Network Resilience – why this Matters for Cloud VoIP

Posted on: 2017-05-23 | Categories:VoIP Services

With the growing prevalence of mobile and cloud computing, the network is becoming more important than ever before. The latest smart phones or computers can’t do much if they aren’t connected to the Internet. Many enterprise tools are migrating to the cloud and adopting new business models. When everything from accounting software to phone services are delivered over the network, it becomes the glue holding everything together. So it is vital that an organization should have a network that is robust, secure and resilient.

So what does network resilience mean and why is it important for cloud VoIP? Most people are aware that Internet speeds, bandwidth and optimization are crucial to get the most out of hosted VoIP services but network resilience is not as well known. It is also not well understood by non technical personnel like managers.

So let’s take a look at what resilience means in the context of a network. The common definition of resilience is the ability to recover from a breakdown, change or disruption of service. Put another way, how quickly can a system resume normal business operations after the failure has been resolved? Suppose loss of power has knocked out your data connections. How quickly can the network recover from such a situation and resume normal services?

Resilience is not just about redundancy, backup and recovery or disaster management. All these aspects are needed for developing a resilient network but a redundant system doesn’t necessarily make for a resilient one.

Resilience versus Redundancy

Redundancy means duplicating certain elements in a system so that alternative channels or paths are available in case one part fails. In a network, this might mean duplicating physical equipment like routers, cables and having internet connections from 2 providers etc. But does all this make your network resilient as well? The answer is no.

Imagine a business has 2 separate data connections for network redundancy. The capacity of each connection is 200 Mbps. Now the company would naturally want to utilize both connections to the fullest extent. Why keep paying for a connection that is lying idle 95% of the time right? Let’s assume normal traffic stays around 325 Mbps.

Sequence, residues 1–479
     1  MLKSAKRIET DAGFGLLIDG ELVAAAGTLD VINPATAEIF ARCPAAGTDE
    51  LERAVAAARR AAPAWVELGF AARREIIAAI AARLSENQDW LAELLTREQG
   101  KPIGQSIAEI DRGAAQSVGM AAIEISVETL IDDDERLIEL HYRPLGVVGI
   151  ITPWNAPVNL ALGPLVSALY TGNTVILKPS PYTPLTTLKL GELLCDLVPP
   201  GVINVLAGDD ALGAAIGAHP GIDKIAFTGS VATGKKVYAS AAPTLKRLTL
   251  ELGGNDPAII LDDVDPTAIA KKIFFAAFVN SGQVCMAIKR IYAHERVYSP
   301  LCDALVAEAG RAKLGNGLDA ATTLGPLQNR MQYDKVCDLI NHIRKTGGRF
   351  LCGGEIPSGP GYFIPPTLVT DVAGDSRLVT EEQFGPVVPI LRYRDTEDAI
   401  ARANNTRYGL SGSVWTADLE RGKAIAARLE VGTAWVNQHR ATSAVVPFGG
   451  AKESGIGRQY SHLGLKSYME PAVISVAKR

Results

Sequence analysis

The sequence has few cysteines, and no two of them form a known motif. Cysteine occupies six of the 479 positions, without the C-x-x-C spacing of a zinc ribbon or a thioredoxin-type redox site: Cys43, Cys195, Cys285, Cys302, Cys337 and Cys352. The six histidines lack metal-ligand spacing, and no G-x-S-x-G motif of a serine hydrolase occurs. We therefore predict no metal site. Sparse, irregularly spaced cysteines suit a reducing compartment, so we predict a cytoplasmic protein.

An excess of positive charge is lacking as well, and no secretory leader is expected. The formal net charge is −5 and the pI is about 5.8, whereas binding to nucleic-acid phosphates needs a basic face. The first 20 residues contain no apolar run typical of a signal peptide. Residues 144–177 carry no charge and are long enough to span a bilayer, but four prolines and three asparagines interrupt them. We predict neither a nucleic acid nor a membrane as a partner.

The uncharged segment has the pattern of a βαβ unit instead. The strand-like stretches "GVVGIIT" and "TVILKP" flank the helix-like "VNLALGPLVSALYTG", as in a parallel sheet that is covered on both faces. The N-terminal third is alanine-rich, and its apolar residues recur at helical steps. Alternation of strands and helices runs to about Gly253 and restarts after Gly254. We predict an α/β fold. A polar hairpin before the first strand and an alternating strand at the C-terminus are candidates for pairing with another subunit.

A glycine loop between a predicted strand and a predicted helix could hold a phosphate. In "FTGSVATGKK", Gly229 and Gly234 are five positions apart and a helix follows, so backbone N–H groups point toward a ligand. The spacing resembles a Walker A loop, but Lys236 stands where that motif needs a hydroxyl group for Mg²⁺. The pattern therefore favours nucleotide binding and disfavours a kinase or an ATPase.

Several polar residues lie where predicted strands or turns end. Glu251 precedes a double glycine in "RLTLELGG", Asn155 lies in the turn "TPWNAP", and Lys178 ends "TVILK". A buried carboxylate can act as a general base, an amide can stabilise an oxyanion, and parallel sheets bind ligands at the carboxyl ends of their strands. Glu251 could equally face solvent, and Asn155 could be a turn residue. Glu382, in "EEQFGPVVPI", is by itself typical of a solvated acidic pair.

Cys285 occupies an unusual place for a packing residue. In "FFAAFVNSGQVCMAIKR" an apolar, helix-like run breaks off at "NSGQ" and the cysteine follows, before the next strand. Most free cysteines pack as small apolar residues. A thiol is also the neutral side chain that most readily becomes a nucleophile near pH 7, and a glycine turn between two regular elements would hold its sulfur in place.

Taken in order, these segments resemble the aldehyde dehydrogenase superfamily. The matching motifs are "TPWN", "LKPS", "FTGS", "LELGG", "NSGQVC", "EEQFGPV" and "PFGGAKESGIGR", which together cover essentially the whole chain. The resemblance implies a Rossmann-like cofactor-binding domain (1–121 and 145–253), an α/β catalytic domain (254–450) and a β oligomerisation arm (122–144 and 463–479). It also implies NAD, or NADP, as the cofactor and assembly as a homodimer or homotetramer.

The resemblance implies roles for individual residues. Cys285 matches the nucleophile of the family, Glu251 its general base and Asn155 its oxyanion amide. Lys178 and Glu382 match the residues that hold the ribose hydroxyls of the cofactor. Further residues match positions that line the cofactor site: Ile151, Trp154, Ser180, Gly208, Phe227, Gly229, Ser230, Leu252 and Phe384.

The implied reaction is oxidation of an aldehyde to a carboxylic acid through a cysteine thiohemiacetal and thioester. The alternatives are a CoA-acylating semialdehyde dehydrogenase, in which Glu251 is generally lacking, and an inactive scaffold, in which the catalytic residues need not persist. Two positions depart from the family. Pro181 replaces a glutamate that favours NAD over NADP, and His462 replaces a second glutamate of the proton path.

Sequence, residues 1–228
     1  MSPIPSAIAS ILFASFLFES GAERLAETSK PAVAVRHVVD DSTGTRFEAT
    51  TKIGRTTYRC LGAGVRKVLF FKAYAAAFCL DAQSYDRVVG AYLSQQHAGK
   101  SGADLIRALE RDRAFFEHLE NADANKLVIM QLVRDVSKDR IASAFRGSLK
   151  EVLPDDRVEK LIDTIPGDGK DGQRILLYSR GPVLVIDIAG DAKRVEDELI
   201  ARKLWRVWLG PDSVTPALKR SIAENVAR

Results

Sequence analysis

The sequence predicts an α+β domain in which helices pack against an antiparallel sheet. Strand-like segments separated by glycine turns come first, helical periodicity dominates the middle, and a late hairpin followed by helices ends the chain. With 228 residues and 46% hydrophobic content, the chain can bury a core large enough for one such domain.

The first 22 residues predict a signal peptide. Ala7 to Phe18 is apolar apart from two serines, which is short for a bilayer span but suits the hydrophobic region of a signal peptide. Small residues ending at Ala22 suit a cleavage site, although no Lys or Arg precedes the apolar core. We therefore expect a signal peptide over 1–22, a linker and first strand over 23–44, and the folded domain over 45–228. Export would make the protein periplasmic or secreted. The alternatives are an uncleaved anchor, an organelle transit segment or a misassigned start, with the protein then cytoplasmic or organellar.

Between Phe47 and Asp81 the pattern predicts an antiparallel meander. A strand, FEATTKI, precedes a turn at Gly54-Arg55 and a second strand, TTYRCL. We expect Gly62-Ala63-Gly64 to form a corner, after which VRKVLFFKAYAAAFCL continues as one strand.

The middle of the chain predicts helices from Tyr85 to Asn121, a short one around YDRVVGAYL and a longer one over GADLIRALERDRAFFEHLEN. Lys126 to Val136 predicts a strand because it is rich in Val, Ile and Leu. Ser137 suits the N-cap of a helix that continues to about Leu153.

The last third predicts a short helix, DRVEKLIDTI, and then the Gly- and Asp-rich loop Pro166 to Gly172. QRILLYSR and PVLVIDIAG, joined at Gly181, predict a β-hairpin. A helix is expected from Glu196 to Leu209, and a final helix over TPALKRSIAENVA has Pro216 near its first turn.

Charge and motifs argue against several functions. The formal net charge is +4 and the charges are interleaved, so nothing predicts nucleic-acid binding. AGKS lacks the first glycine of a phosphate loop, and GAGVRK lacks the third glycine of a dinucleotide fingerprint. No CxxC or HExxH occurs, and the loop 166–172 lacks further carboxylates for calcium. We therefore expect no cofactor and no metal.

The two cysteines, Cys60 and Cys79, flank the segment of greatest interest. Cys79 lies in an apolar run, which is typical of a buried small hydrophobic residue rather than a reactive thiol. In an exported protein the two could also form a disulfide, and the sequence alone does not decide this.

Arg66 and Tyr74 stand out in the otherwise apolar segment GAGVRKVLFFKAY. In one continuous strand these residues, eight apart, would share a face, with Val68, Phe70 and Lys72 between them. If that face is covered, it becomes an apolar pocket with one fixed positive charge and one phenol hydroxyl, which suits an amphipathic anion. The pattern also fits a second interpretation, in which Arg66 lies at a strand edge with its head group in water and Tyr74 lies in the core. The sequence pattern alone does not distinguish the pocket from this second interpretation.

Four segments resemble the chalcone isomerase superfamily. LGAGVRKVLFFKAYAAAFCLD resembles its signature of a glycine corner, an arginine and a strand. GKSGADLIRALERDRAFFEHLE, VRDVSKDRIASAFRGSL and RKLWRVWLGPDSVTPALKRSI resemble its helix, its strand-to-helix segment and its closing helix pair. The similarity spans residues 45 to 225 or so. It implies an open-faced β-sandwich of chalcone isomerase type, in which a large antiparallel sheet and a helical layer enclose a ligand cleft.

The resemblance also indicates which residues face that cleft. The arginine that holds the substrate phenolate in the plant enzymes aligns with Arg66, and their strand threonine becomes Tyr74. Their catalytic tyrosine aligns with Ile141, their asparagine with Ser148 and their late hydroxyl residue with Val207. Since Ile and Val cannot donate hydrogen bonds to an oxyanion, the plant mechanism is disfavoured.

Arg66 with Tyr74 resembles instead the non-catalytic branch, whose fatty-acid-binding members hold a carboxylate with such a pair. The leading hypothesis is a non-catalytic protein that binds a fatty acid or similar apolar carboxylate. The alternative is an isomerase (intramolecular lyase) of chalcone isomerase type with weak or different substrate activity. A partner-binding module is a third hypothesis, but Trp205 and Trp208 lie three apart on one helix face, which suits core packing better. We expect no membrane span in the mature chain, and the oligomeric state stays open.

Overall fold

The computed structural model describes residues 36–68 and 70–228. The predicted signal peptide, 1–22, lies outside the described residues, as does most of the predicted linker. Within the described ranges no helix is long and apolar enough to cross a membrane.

Now when one connection fails, the remaining 200 Mbps line has to manage normal traffic. Unfortunately we can see it cannot. What we have here is a redundant network (it can continue to work if one part fails) but it really cannot handle normal operations. The network is not resilient at all.

Why is Network Resilience Important for Cloud VoIP?

Hosted VoIP services depend largely on the quality of networks. Both the VoIP provider and your business should have resilient networks. in case of failure, the network should be able to bounce back quickly. Voice communication is a critical business function, even in today’s world. For many industries, the phones are more important than online channels like a website or Facebook page. Imagine the losses and chaos if your phones don’t work for a few hours in the middle of the week?

Like we saw in the earlier example, network resilience is more than backup or redundancy. Your network may experience a disruption for any number of reasons. What matters is how quickly you can get it back up, with or without resolving the cause of failure. Unfortunately many companies neglect resilience when designing and building the network.

There are a few reasons for this. Designing a resilient network is expensive and time consuming. Since the concept is not well known among business managers, they hesitate to spend limited financial resources on it. Not many companies have the necessary expertise to deploy such a network either. You have to design the network to accommodate the requirements of the business in mind. Resilience is not a simple tool or switch you can add to the network later on.

Benefits of a Resilient Network

A resilient network pays itself off over the long term. It can save you thousands of dollars in revenue when something brings down your network. The cause of failure can be anything from a natural disaster or a software glitch to a hardware malfunction. Sometimes businesses separate voice data and put it on a separate network from other data. At the very least, the network which carries voice should be resilient.

Hosted VoIP is real time communication. Even a few tenths of a second delay can make conversations difficult with choppy audio or missing words. You can easily deal with a slow website or emails that reach a few seconds slower. In many cases, you never even notice. But such delays have a larger impact on voice data. A resilient network should be able to recover from small failures quickly, thus protecting your phones from experiencing issues. So make sure you have a resilient network before switching over to hosted VoIP. It will save you trouble down the line!